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NYT Drops "Troopergate" Hit Piece on Sarah Palin

5:33 AM, Oct 10, 2008 • By JOHN MCCORMACK
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Here's the opening of the New York Times's report today on the investigation into whether Sarah Palin abused her power when she fired her public safety commissioner:

The 2007 state fair was days away when Alaska's public safety commissioner, Walt Monegan, took another call about one of his troopers, Michael Wooten. This time, the director of Gov. Sarah Palin's Anchorage office was on the line.

As Mr. Monegan recalls it, the aide said the governor had heard that TrooperWooten was assigned to work the kickoff to the fair in late August. If so, Mr. Monegan should do something about it, because Ms. Palin was also planning to attend and did not want him nearby.

Somewhat bewildered, Mr. Monegan soon determined that Trooper Wooten had indeed volunteered for duty at the fairgrounds - in full costume as "Safety Bear," the troopers' child-friendly mascot.

Two years earlier, the trooper and the governor's sister had been embroiled in a nasty divorce and child-custody battle that had hardened the Palin family against him.

What great fodder for the Colbert Report! Could anything possibly justify Sarah Palin's fear of her ex-brother-in-law dressed as a child-friendly "Safety Bear" mascot?

Well, the facts that Wooten abused his 10 year-old step-son and threatened to kill Palin's father might make the governor seem a tad less paranoid, but the Times buries and then fails to fully report these facts.

About halfway through the 2,100-word story, the Times adds:

In one instance, [Sarah Palin] said [Wooten] made a death threat against her father in 2005, an accusation that the trooper has denied. ...

The family also reported that Trooper Wooten, who was assigned to the wildlife investigations unit, shot a cow, or female, moose without a permit, used a Taser on his 10-year-old stepson and drank a beer at a friend's barbecue before taking a second one for the drive home in his patrol car.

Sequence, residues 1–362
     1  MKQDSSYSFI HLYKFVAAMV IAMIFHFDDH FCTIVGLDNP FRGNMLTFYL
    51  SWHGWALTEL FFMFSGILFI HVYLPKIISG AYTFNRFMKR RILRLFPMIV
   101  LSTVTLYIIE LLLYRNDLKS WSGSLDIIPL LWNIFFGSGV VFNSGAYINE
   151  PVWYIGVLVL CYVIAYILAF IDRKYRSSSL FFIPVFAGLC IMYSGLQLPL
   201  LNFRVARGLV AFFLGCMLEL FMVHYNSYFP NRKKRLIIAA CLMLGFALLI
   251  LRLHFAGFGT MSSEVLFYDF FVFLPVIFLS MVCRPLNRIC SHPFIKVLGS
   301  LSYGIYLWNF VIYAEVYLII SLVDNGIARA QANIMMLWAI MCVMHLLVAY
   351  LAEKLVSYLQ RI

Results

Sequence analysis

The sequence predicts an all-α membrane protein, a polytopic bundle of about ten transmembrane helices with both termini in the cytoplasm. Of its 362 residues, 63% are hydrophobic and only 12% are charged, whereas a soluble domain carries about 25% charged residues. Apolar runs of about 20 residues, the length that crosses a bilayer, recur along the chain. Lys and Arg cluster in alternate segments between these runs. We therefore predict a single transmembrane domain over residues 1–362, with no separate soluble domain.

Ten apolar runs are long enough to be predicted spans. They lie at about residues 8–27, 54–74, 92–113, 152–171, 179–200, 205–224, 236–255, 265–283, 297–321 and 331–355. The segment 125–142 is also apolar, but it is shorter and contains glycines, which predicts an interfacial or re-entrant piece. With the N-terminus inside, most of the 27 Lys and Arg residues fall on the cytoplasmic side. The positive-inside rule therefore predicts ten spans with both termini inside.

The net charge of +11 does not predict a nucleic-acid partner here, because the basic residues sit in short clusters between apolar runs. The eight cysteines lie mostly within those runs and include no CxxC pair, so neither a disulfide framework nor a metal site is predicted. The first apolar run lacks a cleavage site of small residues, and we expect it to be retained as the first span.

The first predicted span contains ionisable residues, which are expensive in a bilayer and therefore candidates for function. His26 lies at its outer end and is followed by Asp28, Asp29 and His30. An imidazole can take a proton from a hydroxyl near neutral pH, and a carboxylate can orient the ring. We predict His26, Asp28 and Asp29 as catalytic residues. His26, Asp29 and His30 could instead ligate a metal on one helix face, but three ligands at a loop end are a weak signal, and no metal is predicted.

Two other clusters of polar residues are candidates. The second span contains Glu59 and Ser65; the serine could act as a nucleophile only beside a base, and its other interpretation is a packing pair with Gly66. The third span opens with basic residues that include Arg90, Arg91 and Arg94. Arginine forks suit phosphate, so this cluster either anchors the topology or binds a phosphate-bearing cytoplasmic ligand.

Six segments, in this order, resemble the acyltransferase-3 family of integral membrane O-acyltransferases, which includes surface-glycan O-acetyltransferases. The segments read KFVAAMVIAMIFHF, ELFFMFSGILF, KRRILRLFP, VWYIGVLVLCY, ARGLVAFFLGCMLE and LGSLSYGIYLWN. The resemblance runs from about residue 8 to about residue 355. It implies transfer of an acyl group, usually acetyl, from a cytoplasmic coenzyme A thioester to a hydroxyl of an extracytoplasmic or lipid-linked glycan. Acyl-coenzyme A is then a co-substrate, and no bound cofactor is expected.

In March 2006, after an internal inquiry, Trooper Wooten received a 10-day suspension, which was eventually halved. The suspension letter mentions nothing about threats.

The Times portrays the death threat as a "he said, she said" incident and merely adds that Wooten's "suspension letter mentions nothing about threats." But the internal trooper investigation "sustained" the charge that Wooten threatened that Palin's father would "eat a f---ing lead bullet"--although the report concluded "a statement 'or implied threat to a non-present third party is not a crime." Neglecting the conclusions of the internal trooper investigation is some incredibly shoddy reporting.

The Times's evidence that Palin fired Monegan because he refused to fire Wooten is also quite flimsy:

Ms. Palin has denied that anyone told Mr. Monegan to dismiss Trooper Wooten, or that the commissioner's ouster had anything to do with him. But an examination of the case, based on interviews with Mr. Monegan and several top aides, indicates that, to a far greater degree than was previously known, the governor, her husband and her administration pressed the commissioner and his staff to get Trooper Wooten off the force, though without directly ordering it.

In all, the commissioner and his aides were contacted about Trooper Wooten three dozen times over 19 months by the governor, her husband and seven administration officials, interviews and documents show.

The Anchorage Daily News reported two months ago that Palin's husband and staffers had made two dozen calls to the public safety department about Wooten. So the Times's report that maybe an extra dozen calls were placed really doesn't constitute evidence that Palin pushed for Wooten's firing "to a far greater degree than was previously known." As Palin admitted back in August, "Many of these inquiries were completely appropriate. However, the serial nature of the contacts could be perceived as some kind of pressure, presumably at my direction."The Times also reports that Palin "has contended, among other things, that Mr. Monegan arranged two unauthorized lobbying trips to Washington. But according to interviews and records obtained by The New York Times, the governor's office authorized both trips." ABC News first reported that one of Monegan's trips had been authorized, but Allahpundit thoroughly examined this matter, and while Monegan may have been approved for that specific trip, it does not appear he was approved to pursue his own agenda.

More details about this specific matter may emerge today, as the Alaska legislature releases its report on the Monegan firing, but it looks like Times, at least, has produced little more than a work of journalistic malpractice.